NCIS

NCIS: Sydney Season 1 Episode 1 Review: Gone Fission

Another exotic location has been found to be populated with colorful Navy cops on NCIS: Sydney Season 1 Episode 1.

Sydney is Australia’s most populous city and is best known for its Opera House, prominently featured in this pilot.

American broadcast viewers almost didn’t get the chance to see this series. If not for the writers’ and actors’ strikes, likely only Paramount+ subscribers would have had that opportunity.

But when the cupboard is nearly bare, you air what you’ve got. Big Brother can only air on so many nights.

Then again, maybe airing this and other streaming content, such as Yellowstone and SEAL Team, will ultimately draw more eyes to streaming. There are many exciting series on streaming that many viewers are missing out on.

Here’s hoping, like with NCIS: Hawaii and NCIS: New Orleans before that, the show’s producers find narrative excuses to show off the beautiful backdrops that the continent Down Under offers.

There wasn’t much of that going on in the premiere because there was an entire team to introduce.

It’s a heavy cross to bear, but Michelle Mackey may yet turn out to be the female Gibbs; she’s from a rural region, talks sparingly, and has a back story that’s just begun to be explored. Her borrowing a chopper to chase the Russian spies is a new level of ignoring protocol for a team leader.

Mackey’s partner in this arranged work is APF Sgt. Jim “JD” Dempsey who will have to make some adjustments to be a co-leader of this unit. He’s used to being in charge. But he also spent the episode attempting to connect with Mackey, something she showed little interest in doing.

These leaders bring along their own lieutenant, about whom little has been revealed so far. Only some much can be handled in an hour.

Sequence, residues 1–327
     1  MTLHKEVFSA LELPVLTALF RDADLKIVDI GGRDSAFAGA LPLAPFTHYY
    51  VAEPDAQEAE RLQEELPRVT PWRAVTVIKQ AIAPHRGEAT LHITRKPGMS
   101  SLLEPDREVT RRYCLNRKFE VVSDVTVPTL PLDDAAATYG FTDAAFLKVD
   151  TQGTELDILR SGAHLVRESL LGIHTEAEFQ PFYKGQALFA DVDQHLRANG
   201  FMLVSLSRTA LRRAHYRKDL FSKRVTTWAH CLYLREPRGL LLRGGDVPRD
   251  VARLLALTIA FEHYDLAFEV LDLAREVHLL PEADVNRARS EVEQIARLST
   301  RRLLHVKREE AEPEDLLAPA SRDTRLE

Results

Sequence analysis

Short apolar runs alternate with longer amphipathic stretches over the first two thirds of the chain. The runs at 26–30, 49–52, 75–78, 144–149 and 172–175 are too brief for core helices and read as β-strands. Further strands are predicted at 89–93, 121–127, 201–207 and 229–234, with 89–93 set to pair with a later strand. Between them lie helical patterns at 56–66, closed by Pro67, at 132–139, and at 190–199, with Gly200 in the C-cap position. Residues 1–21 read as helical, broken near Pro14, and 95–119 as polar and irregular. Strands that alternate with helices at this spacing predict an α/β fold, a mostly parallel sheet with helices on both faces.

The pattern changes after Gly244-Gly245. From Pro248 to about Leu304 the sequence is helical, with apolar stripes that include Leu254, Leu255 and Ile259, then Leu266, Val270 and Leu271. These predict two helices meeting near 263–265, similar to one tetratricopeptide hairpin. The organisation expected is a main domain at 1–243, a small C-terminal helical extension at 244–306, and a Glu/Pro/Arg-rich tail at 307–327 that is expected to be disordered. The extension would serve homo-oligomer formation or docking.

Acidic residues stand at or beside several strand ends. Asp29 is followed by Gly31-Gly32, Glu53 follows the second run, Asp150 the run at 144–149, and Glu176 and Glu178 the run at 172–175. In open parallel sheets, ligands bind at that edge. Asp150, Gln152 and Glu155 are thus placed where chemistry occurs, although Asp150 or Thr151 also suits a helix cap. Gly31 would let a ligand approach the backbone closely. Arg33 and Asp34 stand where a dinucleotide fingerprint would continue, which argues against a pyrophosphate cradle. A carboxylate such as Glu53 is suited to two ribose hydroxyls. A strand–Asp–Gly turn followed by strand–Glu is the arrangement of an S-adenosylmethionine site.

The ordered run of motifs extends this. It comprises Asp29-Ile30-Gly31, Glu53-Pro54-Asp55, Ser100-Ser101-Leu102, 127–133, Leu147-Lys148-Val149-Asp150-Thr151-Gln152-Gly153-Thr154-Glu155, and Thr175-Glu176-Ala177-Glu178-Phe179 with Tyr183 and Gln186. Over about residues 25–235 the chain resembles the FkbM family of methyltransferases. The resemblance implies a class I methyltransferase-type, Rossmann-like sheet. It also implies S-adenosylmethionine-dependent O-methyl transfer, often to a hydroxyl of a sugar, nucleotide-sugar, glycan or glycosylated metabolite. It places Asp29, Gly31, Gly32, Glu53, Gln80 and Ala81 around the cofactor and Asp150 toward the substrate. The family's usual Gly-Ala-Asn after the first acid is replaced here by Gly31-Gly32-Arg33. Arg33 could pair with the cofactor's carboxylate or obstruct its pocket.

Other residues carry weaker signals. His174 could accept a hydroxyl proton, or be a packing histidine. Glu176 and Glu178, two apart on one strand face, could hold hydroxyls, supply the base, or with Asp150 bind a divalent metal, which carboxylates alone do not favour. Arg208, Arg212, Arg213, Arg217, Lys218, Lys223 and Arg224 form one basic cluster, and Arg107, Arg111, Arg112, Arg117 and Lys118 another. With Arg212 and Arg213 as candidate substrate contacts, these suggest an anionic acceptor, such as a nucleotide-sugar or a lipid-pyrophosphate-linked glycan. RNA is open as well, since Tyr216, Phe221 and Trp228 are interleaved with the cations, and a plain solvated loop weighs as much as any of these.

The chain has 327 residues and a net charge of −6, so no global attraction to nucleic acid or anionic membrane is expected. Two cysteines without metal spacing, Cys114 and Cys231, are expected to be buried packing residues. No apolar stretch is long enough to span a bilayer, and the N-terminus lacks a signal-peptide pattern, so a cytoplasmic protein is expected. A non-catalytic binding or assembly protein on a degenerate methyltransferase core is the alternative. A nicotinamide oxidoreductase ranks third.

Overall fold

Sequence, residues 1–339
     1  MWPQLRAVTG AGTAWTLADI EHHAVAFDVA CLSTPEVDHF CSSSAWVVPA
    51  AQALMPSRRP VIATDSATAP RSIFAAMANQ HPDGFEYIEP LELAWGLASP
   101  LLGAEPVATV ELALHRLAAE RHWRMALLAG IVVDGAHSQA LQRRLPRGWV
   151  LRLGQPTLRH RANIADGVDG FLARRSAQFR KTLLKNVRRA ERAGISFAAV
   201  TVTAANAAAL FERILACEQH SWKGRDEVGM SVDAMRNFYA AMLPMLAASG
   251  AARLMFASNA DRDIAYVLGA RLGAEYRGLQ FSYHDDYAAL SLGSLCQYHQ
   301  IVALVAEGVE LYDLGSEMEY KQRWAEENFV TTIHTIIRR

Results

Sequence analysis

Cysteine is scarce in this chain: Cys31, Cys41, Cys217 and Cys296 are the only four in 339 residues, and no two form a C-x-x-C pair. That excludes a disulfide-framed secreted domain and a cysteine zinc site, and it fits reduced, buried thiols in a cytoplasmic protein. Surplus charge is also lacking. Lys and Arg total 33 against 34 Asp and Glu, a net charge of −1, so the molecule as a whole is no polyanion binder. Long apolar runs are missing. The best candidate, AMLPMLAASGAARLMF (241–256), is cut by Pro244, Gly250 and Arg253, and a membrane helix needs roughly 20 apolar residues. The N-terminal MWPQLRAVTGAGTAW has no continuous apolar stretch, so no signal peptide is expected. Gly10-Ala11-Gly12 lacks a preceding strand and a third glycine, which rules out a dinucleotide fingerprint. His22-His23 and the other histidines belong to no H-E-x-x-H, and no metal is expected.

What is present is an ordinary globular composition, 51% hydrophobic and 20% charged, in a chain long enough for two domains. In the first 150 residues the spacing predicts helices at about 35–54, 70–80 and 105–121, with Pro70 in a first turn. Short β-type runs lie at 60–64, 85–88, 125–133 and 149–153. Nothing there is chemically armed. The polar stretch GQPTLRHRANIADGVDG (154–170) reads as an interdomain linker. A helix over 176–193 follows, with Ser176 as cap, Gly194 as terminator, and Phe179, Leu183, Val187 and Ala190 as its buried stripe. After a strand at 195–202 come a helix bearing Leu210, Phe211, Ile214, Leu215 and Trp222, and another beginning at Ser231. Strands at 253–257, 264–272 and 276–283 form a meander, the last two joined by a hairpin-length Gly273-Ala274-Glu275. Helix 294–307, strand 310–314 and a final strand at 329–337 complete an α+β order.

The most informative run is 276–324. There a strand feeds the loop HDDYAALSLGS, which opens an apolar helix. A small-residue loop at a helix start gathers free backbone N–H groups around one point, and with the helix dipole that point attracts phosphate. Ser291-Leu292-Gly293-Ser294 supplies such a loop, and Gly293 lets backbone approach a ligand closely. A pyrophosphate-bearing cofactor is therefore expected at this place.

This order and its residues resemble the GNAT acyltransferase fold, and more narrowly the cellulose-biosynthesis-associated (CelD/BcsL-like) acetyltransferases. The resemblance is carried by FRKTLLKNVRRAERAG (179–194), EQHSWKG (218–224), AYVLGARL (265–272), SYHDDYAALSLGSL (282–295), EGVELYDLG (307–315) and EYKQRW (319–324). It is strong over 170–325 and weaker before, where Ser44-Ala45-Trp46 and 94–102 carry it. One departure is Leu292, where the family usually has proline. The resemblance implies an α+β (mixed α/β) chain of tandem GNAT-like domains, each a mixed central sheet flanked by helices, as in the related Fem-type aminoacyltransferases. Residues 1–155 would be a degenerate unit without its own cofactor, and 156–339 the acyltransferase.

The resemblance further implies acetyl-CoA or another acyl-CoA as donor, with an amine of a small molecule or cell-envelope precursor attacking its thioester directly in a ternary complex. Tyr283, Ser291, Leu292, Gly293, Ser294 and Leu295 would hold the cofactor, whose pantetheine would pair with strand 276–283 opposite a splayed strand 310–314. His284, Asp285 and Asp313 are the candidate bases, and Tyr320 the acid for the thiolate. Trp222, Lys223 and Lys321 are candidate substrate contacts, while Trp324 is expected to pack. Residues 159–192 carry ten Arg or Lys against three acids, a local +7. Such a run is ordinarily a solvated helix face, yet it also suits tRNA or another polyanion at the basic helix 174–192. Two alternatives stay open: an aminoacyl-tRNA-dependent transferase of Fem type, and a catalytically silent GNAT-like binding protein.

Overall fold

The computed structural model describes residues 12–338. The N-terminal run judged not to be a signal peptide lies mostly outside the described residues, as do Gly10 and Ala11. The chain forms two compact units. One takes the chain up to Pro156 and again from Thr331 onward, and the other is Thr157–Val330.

Dempsey’s is Constable Evie Cooper, who is the more confident of her abilities of the two. Enthusiastic NCIS Special Agent DeShawn Jackson has a vital role as the Mackey whisperer, as he can explain her to the others.

As often has been the case in the NCIS franchise, the most intriguing characters are those behind the scenes — the specialists.

First is curmudgeonly forensic pathologist Dr. Roy “Rosie” Penrose, the voice of experience who measures up to the gold standard (RIP, Ducky). He also brings to mind pathologist Henrik on the Mystery! series Van De Valk.

The other character to watch is brilliant young forensic scientist Bluebird “Blue” Gleeson, who comes off like an Aussie Abby, only more naive. Rosie has taken a parental shine to her already.

What makes NCIS: Sydney unique is that police from two law enforcement agencies must learn to get along and work together. All the previous series in the franchise featured agents from one unit working a case.

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And it will take a while for them to gel as a team. This episode was a promising beginning toward that, but it’s a work in progress.

Still, they’re already two-thirds of the way there, so there’s that.

Evie and DeWayne are accustomed to being junior partners. So they fell into an easy relationship as they did much of the legwork on the first case.

Rosie first mistook Blue for one of the protestors outside. But as he witnessed her abilities, he became paternalistic toward her. They should develop into an excellent lab pairing.

The two alphas, Mackey and JD, are still learning to share. He tried to figure her out throughout the case, but she was just too close-mouthed.

Early on, Mackey came on too strong, wanting to solve the case and be on her way. But later on, she tried to convince him to get on board when the squad was kept together for the foreseeable future.

Determining what happened to Petty Officer Flynn was a captivating first case. Flynn was an accident waiting to happen, but how he died got more and more complex as the hour progressed.

Initially, he was the victim of a bar fight. But soon, Rosie ruled he had died from radiation poisoning.

That screamed international incident, with a nuclear sub leaking into Sydney Harbor. But an industrious Blue proved that Flynn wasn’t poisoned by the radium used in the sub but instead by Polonium 210, a favorite of Russian assassins, which was an enjoyable twist.

Since Communist China wants to control the Pacific Ocean, it would have made more sense to involve Chinese spies. But it would have been harder for such spies to hide in plain sight in Australia than for the European-appearing Russians.

Espionage has long been part of the NCIS narrative, especially on NCIS: Los Angeles. It’s good to see that angle front and center in this debut.

Col. Richard Rankin (likely not his real name), the elusive DOD official manipulating events, appears set to become a recurring character.

Chasing what’s left of that Russian sleeper cell, especially the mysterious blonde woman linked to two sailors’ deaths, seems to be the first story arc for NCIS: Sydney.

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